CHICAGO – National non-profit, Food Animal Concerns Trust (FACT), whose mission is to ensure that all food-producing animals are raised in a humane and healthy manner, recently awarded Fund-a-Farmer grants totaling more than $170,000 to a diverse group of 60 livestock farmers and ranchers. As a sign of solidarity with the movement to obtain racial equity in agriculture, 45% of the grants were made to farmers who identify as Black, Indigenous or People of Color. First generation farmers received 80% of the grants, a majority of which are women-owned operations.
FACT’s grant since 2012 total 521 for more than $857,000 to farmers across 44 states, directly benefiting an estimated 735,000 animals.
Nineteen of the 60 grants this year went to farmers seeking to attain, or who already hold, one of three animal welfare certifications (Certified Animal Welfare Approved [AWA] by A Greener World, Certified Humane, or Global Animal Partnership [GAP] Animal Welfare Certified), and 41 grants to farmers who wish to improve or expand access to pasture for their animals.
The American Society for the Prevention of Cruelty to Animals (ASPCA) will again underwrite the grants to farmers pursuing or holding one of the above animal welfare certifications.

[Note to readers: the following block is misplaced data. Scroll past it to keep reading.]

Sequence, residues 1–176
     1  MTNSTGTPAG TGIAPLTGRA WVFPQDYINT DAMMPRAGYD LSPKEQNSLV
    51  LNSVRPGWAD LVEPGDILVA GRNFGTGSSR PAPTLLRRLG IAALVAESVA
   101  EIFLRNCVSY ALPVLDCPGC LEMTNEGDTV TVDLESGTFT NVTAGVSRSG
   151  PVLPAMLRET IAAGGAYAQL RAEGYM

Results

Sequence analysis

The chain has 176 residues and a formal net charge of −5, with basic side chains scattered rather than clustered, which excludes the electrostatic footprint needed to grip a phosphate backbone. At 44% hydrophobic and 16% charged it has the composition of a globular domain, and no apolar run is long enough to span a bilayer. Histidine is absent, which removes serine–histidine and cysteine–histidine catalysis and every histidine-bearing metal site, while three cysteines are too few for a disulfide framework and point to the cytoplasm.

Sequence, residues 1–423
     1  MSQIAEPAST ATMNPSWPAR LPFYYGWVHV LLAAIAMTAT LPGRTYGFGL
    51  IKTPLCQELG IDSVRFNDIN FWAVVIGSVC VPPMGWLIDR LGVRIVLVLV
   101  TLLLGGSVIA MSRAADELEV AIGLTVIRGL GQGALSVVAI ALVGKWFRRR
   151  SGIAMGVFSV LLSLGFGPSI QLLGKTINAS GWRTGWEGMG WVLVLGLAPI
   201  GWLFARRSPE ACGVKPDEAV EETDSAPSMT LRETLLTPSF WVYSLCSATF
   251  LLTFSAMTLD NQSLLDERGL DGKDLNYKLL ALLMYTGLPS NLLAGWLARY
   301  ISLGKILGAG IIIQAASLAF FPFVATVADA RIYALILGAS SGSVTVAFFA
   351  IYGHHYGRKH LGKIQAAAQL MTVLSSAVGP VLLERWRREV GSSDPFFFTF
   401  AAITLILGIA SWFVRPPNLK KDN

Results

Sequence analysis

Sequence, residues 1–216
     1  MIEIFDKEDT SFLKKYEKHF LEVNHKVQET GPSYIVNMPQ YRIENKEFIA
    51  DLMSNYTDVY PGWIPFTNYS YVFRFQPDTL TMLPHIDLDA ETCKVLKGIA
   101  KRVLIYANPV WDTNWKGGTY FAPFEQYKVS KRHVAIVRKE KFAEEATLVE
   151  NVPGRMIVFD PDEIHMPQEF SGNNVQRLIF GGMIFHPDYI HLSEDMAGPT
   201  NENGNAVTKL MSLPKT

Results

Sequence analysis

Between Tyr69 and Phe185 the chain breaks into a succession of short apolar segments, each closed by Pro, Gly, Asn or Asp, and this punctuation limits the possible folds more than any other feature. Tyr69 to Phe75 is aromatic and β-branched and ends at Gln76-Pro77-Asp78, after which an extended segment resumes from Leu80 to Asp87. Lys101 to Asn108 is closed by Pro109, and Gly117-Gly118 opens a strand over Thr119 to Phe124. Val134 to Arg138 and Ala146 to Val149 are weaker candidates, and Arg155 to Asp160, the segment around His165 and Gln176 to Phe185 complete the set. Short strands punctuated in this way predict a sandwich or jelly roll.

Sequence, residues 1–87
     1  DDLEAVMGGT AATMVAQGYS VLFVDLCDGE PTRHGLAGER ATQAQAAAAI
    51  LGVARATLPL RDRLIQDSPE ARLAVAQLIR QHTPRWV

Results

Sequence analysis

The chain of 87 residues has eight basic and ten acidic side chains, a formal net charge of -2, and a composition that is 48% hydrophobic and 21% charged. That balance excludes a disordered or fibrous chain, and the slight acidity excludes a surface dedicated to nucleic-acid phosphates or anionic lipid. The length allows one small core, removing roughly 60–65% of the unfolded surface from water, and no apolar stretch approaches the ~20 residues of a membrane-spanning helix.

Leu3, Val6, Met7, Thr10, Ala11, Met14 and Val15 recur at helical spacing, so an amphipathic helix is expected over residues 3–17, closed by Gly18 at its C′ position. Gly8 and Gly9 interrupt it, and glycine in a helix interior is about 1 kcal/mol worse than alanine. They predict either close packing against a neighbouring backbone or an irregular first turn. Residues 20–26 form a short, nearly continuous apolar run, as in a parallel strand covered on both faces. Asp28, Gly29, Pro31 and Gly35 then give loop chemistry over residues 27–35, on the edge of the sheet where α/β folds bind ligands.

"The ASPCA is honored to fund FACT's annual grants for the fifth year in a row to support farmers transitioning to more humane and sustainable systems that improve animal welfare and meet the demand for greater transparency in the marketplace," said Kara Shannon, director of Farm Animal Welfare Policy at the ASPCA. "FACT grantees continue to illustrate the benefits higher-welfare farming has not just for animals, but for farm businesses, local communities and our environment."
A 2022 survey of past grant recipients shows a wide range of long-term benefits. Ninety-eight percent of FACT grant farmers said their FACT-funded projects improved animal welfare, and 88% found the grant improved their farm's financial viability. The survey also found individual farmers reported their FACT-funded projects have increased biodiversity, improved soil fertility, enhanced livestock health and comfort, and reduced stress for both the farmer and their animals.
"After a decade of grantmaking, there is no doubt that our Fund-a-Farmer grants are significantly benefiting farmer livelihood, animal welfare, and environmental health," said Larissa McKenna, FACT's Humane Farming Program Director. "We believe that partnering with – and investing in – humane farmers is one of the best ways to make a difference in the lives of food-producing animals."
For Tim and Delicia Brown of Broadview Farm and Gardens in Marengo, Ill., the grant will provide $3,000 for the purchase of fencing and mobile housing to expand their flock of pastured broiler chickens.
"The project will benefit the birds by providing a high-quality forage tailored to their needs. It will also increase the health of the soil, by improving soil structure, and increasing the cycling of nutrients," Tim Brown said.
A complete list and description of all funded projects can be found on the FACT website.